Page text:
CAVANAUGH: I don't want to interrupt you. I'm sorry, Roberta, but I looked over your program, and one of the things that you are gonna be discussing is how libraries are dealing with less. In other words, how they are fairing in this economy and getting by with reduced and budgets and so forth. What are some of the things that you've heard that libraries are actually doing to get by with less?

STEVENS: Well, they're doing a variety of things. Have been, one of the things I know that you've been talking about in the San Diego library and pairing libraries and cooing a kind of rolling brown out. But most libraries have really had no choice but to reduce staffing and to reduce hours, which again, has a wig impact on the public. Other things that occur is trying to make as much use as possible of the technologies to be as efficient as we can be. And we'll be doing a lot of talking at this conference about such services that we offer as E-books, which people can, in fact, down load from their home computers, and more and more libraries are making available books, not only in print, but making available E-books as well. So we're trying to extend our services so that even if we're closed, people will have access to, obviously, our catalogs, which they have for a long time, but also to services like the Ebooks. So we'll be talking about those things. We will also be having -- you know, we try to have some really good authors that we are features. We always do, and we've got a number of them in special programs including Richard Rhodes, and someone who's very popular with young people, Neil Gaiman, who's gonna be interviewed by Nancy pearl. So it's quite a wide variety of programs that are offered at the annual conference. But we do still also have very interesting programs at midwinter. A lot of times we're taking this opportunity to look at how we can extend our libraries' funding by advocacy in particular, and by -- in some instances, additional fundraising. But I want to talk a little bit if I could about the advocacy.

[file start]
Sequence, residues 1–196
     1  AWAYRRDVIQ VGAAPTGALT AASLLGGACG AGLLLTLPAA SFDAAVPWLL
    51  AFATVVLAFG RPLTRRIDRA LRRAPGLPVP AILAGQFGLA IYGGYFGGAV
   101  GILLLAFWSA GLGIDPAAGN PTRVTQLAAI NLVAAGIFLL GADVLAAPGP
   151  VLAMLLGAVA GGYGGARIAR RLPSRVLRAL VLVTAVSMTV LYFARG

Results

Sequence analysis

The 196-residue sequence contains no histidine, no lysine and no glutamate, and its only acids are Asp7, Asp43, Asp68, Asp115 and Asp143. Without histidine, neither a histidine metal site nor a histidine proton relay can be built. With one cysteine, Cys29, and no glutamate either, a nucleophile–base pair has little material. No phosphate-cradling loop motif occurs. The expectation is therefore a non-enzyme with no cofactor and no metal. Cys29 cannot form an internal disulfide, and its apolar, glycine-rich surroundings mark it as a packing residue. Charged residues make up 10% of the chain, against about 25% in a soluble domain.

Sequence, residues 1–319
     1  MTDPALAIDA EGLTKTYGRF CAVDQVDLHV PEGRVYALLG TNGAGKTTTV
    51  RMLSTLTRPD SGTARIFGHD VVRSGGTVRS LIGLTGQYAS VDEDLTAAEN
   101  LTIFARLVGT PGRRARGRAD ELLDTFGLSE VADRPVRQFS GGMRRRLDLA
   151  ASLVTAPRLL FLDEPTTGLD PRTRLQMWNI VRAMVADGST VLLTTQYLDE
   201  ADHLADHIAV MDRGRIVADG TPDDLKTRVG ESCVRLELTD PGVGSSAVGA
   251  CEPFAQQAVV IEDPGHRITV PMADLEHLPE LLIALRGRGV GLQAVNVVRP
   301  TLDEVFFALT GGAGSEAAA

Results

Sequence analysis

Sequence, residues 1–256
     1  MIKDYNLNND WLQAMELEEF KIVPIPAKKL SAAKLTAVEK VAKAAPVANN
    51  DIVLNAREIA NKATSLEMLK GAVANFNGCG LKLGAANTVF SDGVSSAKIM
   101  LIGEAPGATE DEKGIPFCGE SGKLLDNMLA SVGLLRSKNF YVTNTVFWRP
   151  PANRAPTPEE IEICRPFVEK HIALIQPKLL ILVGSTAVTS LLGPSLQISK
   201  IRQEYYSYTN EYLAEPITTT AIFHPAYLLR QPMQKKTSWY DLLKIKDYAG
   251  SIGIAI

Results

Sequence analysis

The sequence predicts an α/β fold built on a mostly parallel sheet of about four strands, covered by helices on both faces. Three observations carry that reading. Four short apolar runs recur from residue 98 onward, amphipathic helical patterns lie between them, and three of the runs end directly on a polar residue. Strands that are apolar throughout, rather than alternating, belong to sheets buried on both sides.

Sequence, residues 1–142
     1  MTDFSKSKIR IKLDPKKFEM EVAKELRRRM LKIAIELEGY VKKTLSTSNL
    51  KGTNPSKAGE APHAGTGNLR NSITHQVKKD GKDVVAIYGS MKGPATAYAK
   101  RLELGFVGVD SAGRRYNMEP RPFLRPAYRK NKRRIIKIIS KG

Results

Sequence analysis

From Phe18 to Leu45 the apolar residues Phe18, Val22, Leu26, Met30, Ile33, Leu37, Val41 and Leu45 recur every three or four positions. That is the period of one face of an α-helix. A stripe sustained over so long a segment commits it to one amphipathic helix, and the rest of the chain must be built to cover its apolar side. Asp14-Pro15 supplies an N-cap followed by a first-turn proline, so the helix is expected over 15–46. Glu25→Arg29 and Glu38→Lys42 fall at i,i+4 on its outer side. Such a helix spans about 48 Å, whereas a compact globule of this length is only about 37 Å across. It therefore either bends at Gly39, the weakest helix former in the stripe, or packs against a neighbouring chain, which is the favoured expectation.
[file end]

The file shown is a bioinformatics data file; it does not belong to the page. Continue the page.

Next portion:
CAVANAUGH: Yes, please.